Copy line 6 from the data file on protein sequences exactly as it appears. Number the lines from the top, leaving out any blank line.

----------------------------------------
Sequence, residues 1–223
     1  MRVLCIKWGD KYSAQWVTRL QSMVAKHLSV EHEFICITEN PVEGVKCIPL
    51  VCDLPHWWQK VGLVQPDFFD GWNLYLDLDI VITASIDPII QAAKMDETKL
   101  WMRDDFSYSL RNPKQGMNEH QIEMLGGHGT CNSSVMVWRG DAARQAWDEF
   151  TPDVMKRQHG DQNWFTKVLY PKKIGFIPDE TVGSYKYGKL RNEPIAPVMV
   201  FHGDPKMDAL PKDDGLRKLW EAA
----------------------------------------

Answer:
   201  FHGDPKMDAL PKDDGLRKLW EAA